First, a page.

HIIT , Arthur Lynard’s protocols, Leonard Schwartz’s Heavy Hands, kettlebells and suspension trainers were a few things being used. Its a sight you rarely see as people usually exercise in small groups at a gym doing the same exercises, or individually.

    On my way home I noticed GATES!. Either locked or not. That probably indicates the mindset of the owner. If you were a burglar, you’d be better off choosing an ‘open gate house.’

    I also took a small detour around another park in a lower scio -economic area. The park was deserted except for kids playing unsupervised, and a group gathered around a bench smoking and drinking. Again, the outer manifestation of the predominate mindset of that area.

    2- Grant Robertson being a little vague on talback as to who was buying government bonds.

    3-Bill Rolston blaming the demise of Woman’ Weekly and The Listener on the gummint ,during his talkback interview.

    4- Preppers are now starting to horde again. Especially the essentials and tinned goods.
    The idea behind that is you can’t tin produce if there’s no produce. For example, Hawke’s
    Bay is estimated to leave 12 million apples to rot on the trees this season.

    5- Solar panels trump petroleum driven power generators…at least that’s what people are finding when they disappear from their rooftops.😀…or not.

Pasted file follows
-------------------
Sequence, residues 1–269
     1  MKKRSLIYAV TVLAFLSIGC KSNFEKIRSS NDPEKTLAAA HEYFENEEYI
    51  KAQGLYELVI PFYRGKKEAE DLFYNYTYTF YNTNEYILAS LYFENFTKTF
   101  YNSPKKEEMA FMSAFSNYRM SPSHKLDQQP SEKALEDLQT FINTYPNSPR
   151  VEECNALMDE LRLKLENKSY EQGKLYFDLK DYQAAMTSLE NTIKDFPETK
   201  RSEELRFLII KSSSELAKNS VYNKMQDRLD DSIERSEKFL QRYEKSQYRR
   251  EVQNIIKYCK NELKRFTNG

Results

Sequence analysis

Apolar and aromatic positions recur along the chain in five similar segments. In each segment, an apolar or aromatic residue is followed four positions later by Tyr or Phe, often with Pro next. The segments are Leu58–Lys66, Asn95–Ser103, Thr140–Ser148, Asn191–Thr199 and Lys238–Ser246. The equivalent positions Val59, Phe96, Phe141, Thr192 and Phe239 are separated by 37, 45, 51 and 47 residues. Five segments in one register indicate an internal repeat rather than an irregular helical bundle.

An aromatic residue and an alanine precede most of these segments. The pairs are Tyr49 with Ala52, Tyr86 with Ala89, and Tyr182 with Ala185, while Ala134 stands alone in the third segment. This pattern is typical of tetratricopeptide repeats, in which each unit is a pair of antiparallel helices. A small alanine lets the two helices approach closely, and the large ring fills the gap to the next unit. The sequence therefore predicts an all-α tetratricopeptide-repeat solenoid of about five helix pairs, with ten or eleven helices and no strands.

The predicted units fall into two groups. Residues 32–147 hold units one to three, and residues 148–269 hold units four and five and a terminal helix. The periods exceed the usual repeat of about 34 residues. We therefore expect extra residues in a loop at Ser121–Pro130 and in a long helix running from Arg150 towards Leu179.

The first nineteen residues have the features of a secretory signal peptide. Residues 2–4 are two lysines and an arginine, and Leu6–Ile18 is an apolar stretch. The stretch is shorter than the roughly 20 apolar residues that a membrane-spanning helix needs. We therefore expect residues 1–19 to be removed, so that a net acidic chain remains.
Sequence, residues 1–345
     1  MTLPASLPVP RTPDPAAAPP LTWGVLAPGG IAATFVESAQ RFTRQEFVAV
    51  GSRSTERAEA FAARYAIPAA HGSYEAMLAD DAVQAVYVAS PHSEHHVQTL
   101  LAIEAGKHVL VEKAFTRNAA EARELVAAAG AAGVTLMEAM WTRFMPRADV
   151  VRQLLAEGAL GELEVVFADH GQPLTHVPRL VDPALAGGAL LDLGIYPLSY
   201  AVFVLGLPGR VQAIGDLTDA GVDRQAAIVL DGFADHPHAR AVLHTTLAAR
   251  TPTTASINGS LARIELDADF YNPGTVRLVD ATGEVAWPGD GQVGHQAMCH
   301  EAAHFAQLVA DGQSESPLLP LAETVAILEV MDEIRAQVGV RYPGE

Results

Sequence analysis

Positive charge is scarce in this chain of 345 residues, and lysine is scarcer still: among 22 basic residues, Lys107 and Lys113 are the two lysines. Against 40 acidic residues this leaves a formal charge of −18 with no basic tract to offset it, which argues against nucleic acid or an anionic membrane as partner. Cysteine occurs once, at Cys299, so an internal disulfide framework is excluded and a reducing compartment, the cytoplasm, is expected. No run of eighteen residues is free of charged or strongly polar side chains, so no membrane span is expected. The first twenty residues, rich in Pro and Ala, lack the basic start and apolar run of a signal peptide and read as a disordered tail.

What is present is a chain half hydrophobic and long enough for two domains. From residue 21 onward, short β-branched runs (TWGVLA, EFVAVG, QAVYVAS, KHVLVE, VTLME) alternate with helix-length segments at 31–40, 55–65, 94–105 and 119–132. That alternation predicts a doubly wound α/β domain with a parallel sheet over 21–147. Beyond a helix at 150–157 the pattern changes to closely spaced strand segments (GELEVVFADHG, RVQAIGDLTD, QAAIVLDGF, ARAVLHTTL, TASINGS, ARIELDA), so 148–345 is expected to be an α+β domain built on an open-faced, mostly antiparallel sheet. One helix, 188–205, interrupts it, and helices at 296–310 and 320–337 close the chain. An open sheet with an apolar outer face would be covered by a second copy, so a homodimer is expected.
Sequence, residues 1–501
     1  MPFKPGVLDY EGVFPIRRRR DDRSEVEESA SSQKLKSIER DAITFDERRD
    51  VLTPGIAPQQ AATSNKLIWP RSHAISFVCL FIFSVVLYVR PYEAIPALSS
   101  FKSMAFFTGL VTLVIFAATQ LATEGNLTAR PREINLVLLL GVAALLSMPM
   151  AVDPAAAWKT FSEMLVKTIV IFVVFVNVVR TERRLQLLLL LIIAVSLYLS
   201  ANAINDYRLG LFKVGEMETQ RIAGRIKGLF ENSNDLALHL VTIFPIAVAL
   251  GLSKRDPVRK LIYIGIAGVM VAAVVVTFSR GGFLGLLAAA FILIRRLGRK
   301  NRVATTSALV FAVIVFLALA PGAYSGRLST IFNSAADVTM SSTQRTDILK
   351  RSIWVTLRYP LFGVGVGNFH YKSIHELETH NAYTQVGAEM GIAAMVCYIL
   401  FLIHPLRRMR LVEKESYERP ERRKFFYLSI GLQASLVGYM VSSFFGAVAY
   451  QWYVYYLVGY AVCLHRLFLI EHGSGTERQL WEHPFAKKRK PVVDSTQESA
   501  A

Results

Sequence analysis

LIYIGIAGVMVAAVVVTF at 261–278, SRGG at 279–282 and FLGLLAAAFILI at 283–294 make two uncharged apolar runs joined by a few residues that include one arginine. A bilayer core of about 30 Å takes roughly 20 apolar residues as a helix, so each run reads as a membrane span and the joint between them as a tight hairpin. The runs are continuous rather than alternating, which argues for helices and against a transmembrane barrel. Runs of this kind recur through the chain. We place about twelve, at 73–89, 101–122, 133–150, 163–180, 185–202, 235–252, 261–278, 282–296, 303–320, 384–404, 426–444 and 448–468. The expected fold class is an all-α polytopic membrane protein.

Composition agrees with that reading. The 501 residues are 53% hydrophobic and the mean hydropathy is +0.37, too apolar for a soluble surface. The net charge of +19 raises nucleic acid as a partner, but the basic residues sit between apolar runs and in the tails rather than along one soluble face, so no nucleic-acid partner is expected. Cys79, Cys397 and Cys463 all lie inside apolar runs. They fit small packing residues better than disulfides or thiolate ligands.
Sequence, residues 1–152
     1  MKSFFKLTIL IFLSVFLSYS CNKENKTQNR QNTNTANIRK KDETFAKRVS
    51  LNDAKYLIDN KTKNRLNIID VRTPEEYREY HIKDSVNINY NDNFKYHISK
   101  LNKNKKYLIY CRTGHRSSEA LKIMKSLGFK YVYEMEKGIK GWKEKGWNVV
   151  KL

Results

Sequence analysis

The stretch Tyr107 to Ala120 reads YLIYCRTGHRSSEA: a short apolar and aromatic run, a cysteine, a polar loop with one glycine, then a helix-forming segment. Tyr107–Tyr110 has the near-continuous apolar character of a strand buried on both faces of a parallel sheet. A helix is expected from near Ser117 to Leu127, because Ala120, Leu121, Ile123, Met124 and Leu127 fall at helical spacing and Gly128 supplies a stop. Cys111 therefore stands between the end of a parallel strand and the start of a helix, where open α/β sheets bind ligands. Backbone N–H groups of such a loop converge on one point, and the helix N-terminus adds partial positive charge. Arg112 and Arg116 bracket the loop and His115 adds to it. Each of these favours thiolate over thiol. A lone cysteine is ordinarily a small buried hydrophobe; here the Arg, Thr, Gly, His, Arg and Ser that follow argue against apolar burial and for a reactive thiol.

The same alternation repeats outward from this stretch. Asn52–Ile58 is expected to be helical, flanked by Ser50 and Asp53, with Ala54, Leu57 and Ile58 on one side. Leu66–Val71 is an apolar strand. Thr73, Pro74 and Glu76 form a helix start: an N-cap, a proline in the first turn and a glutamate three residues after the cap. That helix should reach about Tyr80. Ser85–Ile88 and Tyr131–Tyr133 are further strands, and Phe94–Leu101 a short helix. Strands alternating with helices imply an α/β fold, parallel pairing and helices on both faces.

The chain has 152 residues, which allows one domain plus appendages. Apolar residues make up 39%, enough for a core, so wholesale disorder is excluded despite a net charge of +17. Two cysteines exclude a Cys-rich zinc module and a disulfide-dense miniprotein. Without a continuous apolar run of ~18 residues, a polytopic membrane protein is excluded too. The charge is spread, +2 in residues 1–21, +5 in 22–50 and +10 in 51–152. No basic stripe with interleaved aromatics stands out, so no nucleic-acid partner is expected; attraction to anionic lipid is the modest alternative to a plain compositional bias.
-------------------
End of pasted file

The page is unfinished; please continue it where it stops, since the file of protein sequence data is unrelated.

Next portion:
6 – Good ole Dr Lance O’Sullivan. Never one to miss a photo op, he at least has a point.
    No need to point out the perpetrators. Meanwhile, Hone is manning the road blocks. Maybe the horse before the carriage?

    https://www.stuff.co.nz/national/health/coronavirus/120746934/coronavirus-dr-lance-osullivan-says-lockdown-in-kaitaia-a-joke

    Reply
    • Duker

       /  2nd April 2020

      Did Ralston mention his little retirement job has gone too. Did Ralston ever shed a tear for freezing workers, railway workers when it was their jobs decades ago ?

      Reply
      • Corky

         /  2nd April 2020

        I don’t know. I’m just reporting what he said. But please expand on your comments.

        Reply
    • Duker

       /  2nd April 2020

      Apple harvest runs to mid April , so workers from islands were already here and just 10% of crop unpicked
      And apart from social distancing harvesting continues as normal

      Reply
      • Corky

         /  2nd April 2020

        No skilled labour available. Forkies, QC and admin. Overseas markets disrupted. It matters not how many apples are picked or not.

        Reply
        • Duker

           /  2nd April 2020

          Harvesting is a essential business like all agriculture
          Why would they not have the skilled staff from last week and the week before that?
          Doesnt make sense people with ‘essential jobs’ wouldnt be turning up unless you are dazed and confused this late in the arvo

          Reply